Main Issue

The Paris Agreement on Climate Change rests upon a foundation of Nationally Determined Contributions (NDCs) originally submitted by Parties to the Convention in 2015, and formally adopted on November 4, 2016 as the Agreement entered into force. Each NDC represents the national plans and pledges individual countries have made to meet the universal goal of keeping global temperature increases to well below 2 degrees Celsius above pre-industrial levels (while aiming for 1.5 degrees Celsius) to avoid the worst impacts of climate change.

Consequently, a key result of the Paris Agreement negotiations was the establishment of an enhanced transparency framework for tracking and reporting the progress of existing and future country commitments, with built-in flexibility included for developing country Parties. For this reason, the Capacity-building Initiative for Transparency (CBIT) was created at the request of Parties to help strengthen the institutional and technical capacities of developing countries to meet the enhanced transparency requirements defined in Article 13 of the Paris Agreement.

The CBIT has three aims:

  • Strengthen national institutions for transparency-related activities in line with national priorities; 
  • Provide relevant tools, training, and assistance for meeting the provisions stipulated in Article 13 of the Agreement; 
  • Assist in the improvement of transparency over time. 

What We Do

The CBIT is one of the ways in which the GEF is supporting the successful implementation of the Paris Agreement and its key pillars of transparency and accountability. For example, CBIT activities dovetail with the GEF’s critical provision of support to developing country Parties to fulfill their reporting obligations under the United Nations Framework Convention on Climate Change (UNFCCC), including National Communications and Biennial Update Reports.

The Paris Agreement requested the GEF to support the establishment of the CBIT through voluntary contributions during GEF-6 and future replenishment cycles. Following COP 21, the GEF established the CBIT within one year due to high levels of donor support and successful engagement with countries and other key stakeholders.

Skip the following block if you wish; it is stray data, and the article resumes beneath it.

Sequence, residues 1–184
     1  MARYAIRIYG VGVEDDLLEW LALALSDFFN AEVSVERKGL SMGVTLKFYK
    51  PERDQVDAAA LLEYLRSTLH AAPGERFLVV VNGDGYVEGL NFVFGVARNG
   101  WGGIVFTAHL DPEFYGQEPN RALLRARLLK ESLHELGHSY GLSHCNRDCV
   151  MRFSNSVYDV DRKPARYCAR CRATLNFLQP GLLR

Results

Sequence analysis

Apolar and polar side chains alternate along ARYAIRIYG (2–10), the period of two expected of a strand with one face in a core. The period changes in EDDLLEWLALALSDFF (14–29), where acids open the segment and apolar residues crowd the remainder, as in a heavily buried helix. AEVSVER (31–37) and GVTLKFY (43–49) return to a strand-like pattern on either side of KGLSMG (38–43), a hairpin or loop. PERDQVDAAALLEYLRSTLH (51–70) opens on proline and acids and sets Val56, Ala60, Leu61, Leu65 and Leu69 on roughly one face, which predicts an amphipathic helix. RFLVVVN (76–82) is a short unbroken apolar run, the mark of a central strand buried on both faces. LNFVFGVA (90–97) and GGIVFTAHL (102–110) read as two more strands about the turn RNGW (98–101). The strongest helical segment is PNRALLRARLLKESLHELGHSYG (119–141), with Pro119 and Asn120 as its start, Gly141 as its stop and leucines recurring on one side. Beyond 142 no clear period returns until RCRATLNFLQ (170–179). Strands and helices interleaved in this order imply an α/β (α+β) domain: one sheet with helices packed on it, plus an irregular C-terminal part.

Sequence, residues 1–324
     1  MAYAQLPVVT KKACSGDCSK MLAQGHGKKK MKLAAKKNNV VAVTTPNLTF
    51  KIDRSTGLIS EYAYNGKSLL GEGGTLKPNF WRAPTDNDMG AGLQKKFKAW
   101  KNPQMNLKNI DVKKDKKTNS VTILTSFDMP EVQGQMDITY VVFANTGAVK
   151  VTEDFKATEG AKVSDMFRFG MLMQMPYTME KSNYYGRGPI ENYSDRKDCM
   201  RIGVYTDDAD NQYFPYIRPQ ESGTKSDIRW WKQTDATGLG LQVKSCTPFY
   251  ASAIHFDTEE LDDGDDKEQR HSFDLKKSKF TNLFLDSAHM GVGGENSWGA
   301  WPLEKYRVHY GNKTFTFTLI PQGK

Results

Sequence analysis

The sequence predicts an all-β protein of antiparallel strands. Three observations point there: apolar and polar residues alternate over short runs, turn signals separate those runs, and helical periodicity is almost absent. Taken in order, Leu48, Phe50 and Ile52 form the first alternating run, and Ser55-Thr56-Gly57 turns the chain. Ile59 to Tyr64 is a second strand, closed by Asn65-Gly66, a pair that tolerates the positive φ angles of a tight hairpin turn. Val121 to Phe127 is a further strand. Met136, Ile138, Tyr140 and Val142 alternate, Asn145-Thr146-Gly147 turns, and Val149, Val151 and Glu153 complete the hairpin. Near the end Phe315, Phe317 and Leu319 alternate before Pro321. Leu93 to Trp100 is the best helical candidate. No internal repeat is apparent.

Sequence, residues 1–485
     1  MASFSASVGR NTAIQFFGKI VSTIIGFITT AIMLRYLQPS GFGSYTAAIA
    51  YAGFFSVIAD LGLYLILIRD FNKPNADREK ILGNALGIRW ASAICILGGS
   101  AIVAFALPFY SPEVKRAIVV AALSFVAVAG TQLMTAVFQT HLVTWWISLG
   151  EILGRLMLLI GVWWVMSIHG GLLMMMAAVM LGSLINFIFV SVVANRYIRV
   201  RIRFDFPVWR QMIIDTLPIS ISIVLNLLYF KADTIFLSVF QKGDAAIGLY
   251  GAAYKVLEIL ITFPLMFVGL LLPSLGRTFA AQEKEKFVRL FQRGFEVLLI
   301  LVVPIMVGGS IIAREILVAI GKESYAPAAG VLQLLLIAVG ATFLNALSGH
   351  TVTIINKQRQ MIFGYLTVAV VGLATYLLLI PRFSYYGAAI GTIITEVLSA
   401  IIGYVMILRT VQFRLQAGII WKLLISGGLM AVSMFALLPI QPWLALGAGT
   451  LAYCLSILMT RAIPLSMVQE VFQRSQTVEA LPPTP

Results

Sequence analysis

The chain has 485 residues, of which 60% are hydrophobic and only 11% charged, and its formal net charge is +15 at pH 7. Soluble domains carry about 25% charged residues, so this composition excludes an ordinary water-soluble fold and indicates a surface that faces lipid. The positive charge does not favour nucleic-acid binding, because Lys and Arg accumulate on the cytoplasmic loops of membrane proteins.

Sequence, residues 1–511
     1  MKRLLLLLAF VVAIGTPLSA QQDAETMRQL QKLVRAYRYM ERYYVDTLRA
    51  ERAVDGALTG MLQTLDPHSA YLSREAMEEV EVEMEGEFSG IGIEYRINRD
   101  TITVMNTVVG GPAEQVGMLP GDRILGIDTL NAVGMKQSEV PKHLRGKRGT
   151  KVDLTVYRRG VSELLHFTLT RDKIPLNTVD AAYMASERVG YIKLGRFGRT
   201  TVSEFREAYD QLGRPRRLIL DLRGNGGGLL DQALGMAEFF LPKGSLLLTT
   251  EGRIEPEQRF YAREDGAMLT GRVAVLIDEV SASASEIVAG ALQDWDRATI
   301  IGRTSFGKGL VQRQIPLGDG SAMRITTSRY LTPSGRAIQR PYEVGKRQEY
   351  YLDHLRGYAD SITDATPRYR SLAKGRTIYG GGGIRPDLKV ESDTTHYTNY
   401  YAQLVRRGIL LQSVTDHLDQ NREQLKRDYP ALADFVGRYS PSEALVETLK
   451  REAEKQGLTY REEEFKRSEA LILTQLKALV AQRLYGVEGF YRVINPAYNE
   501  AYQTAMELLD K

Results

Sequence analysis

The CBIT is an integral part of the GEF’s climate change support in GEF-7 (2018-2022) and projects are being supported from the GEF Trust Fund.

As an operating entity of the UNFCCC’s financial mechanism, the GEF will continue providing resources to developing countries in line with their NDCs under the Paris Agreement through the GEF Trust Fund, as well as the Least Developed Countries Fund (LDCF), and the Special Climate Change Fund (SCCF).


As of March 31, 2022 the CBIT project portfolio comprises 81 projects amounting to a total of $130.8 million and includes 75 individual country projects, one regional project that covers four countries, and five global projects. The CBIT global projects aim to improve knowledge sharing, coordination, and facilitate additional capacity-building. Key elements of the portfolio are:

  • Significant non-Annex I country coverage with CBIT portfolio providing support to 51.3 percent of non-Annex I countries and covering 73.6 percent of total greenhouse gas emissions from non-Annex I countries
  • Regionally balanced portfolio with 30 projects in Africa, 20 projects in Latin America and Caribbean (LAC), 17 projects in Asia, nine projects in Europe and Central Asia (ECA), and five global projects
  • Prioritizing support to Least Developed Countries (LDCs) and Small Island Developing States (SIDS) with CBIT projects in 27 LDCs and 15 SIDS of which three countries that are both LDC and SIDS

Of the 81 projects in the portfolio, nine projects are at the concept stage and currently under development, while 72 have been CEO approved or endorsed and have begun implementation. Increasingly, CBIT projects are transitioning into the implementation phase and several are reporting on progress.